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This is the percentage of applicants to this course who received an offer last year, through Ucas.

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This is what the university has told Ucas about the course. Use it to get a quick idea about what makes it unique compared to similar courses, elsewhere.

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Course location and department:

This is what the university has told Ucas about the course. Use it to get a quick idea about what makes it unique compared to similar courses, elsewhere.

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Teaching Excellence Framework (TEF):

We've received this information from the Department for Education, via Ucas. This is how the university as a whole has been rated for its quality of teaching: gold silver or bronze. Note, not all universities have taken part in the TEF.

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This information comes from the National Student Survey, an annual student survey of final-year students. You can use this to see how satisfied students studying this subject area at this university, are (not the individual course).

We calculate a mean rating of all responses to indicate whether this is high, medium or low compared to the same subject area at other universities.

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This information is from the Higher Education Statistics Agency (HESA).

You can use this to get an idea of who you might share a lecture with and how they progressed in this subject, here. It's also worth comparing typical A-level subjects and grades students achieved with the current course entry requirements; similarities or differences here could indicate how flexible (or not) a university might be.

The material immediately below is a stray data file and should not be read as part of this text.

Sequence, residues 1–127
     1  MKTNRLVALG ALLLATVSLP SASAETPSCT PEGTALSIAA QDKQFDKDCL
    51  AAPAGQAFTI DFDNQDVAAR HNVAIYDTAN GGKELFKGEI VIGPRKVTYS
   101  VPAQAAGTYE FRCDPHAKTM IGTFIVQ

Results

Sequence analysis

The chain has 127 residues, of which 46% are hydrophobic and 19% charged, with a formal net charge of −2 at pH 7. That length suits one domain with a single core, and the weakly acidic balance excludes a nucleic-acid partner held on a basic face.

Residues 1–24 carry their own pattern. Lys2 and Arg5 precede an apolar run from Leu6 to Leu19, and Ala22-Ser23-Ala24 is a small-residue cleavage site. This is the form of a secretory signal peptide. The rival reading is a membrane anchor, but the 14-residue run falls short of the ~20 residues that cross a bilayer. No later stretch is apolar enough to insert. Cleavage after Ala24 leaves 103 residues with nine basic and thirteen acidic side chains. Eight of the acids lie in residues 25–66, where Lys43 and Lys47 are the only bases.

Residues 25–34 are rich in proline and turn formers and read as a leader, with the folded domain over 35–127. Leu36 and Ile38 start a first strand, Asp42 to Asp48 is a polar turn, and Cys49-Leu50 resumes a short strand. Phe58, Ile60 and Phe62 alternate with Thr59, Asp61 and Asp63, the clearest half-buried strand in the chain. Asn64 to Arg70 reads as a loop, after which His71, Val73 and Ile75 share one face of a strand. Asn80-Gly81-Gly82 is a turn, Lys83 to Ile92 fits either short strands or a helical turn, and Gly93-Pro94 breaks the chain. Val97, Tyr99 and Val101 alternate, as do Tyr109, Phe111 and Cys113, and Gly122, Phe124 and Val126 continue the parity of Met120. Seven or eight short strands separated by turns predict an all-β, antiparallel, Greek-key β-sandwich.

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Post-six month graduation stats:

This is from the Destinations of Leavers from Higher Education Survey, based on responses from graduates who studied the same subject area here.

It offers a snapshot of what grads went on to do six months later, what they were earning on average, and whether they felt their degree helped them obtain a 'graduate role'. We calculate a mean rating to indicate if this is high, medium or low compared to other universities.

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Graduate field commentary:

The Higher Education Careers Services Unit have provided some further context for all graduates in this subject area, including details that numbers alone might not show

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The Longitudinal Educational Outcomes dataset combines HRMC earnings data with student records from the Higher Education Statistics Agency.

While there are lots of factors at play when it comes to your future earnings, use this as a rough timeline of what graduates in this subject area were earning on average one, three and five years later. Can you see a steady increase in salary, or did grads need some experience under their belt before seeing a nice bump up in their pay packet?